“It is a creation story myth, it is an origin story,” he said. “The female myth, the myth of birth, is replaced by the male myth of fertilization.”

The biological story of fertilization has too often been simplified, inaccurately, into a hero tale of a strong sperm swimming to penetrate an egg, he said. There is no violent penetration, but rather the two cells’ membranes dissolve — they sort of spoon, he said — to share genetic material to create a one-cell entity called a zygote. In the process of natural development, scientists estimate that up to or around two-thirds of zygotes do not result in a live birth, though the number is difficult to determine. Many fertilized eggs do not implant, and even after that some pregnancies naturally fail.



Development is a progressive continuum as cells realize unique purposes, systems interact and body parts grow. Different scientific fields focus on different stages to evaluate pivotal moments, whether that is fertilization, embryonic cell differentiation, or cardiac or brain activity. The entire process takes about 40 weeks, until the next major developmental moment: birth. Key phases for heart development occur in the first few weeks, along the way and at the end. At birth, the baby’s first breath changes its cardiac anatomy.

For years in the United States, a focal point has been 23 or 24 weeks of development, called viability, when the fetus may be able to survive outside the uterus. Around the time of the Roe decision in the 1970s, available technology meant that viability was around 28 weeks.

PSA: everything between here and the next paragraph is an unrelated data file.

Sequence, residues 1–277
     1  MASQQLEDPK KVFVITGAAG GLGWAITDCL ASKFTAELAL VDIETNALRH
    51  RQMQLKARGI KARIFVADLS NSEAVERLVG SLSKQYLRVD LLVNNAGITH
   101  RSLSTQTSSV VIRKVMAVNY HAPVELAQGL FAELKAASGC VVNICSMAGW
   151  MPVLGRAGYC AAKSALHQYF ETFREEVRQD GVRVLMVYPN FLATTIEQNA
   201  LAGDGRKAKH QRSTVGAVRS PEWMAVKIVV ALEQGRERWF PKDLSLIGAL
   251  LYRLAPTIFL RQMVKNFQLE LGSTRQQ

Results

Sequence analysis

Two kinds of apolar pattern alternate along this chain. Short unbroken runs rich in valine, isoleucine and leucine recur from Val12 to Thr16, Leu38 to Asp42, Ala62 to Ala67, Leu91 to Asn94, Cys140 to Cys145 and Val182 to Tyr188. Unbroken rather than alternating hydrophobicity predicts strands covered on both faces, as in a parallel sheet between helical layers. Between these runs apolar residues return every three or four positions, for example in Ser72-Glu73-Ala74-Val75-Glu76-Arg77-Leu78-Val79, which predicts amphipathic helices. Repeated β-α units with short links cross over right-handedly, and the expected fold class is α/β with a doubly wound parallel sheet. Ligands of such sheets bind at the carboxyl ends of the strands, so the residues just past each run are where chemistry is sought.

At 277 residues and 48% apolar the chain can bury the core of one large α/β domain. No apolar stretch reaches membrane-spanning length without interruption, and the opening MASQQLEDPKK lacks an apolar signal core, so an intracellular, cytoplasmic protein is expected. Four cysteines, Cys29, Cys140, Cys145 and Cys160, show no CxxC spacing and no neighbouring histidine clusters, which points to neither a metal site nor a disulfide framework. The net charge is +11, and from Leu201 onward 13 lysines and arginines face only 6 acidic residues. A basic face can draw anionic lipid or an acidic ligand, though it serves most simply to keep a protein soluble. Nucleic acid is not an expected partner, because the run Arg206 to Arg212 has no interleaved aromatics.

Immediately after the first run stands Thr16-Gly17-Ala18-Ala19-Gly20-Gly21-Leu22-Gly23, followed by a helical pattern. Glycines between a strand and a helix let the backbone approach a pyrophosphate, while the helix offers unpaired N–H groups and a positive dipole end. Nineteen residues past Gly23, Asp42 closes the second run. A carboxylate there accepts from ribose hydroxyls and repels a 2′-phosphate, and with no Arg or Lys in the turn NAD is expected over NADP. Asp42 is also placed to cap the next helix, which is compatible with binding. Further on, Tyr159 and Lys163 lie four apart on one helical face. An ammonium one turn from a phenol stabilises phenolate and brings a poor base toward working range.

Advances over the past half-century have offered far more understanding of fetal development than humans have ever had. Babies can now be born through assisted reproductive technologies. 4D ultrasounds show lifelike images inside the uterus. Fetal surgeons can treat spina bifida at 24 weeks after conception. In 2020, a baby boy was born in Alabama at 21 weeks and one day and lived, setting a Guinness world record.

Dr. Brendan B. Mitchell is an obstetrician-gynecologist and the longtime medical director for Advice and Aid Pregnancy Centers in Overland Park, Kan., which opposes abortion and provides some support for pregnant women.

He struggles with what he feels is inconsistency in how society values premature babies versus developing fetuses. Doctors work hard to save babies born at 23 or 24 weeks, and people spend millions of dollars to help patients born prematurely, he said, but in some places it is legal to terminate a pregnancy at that time.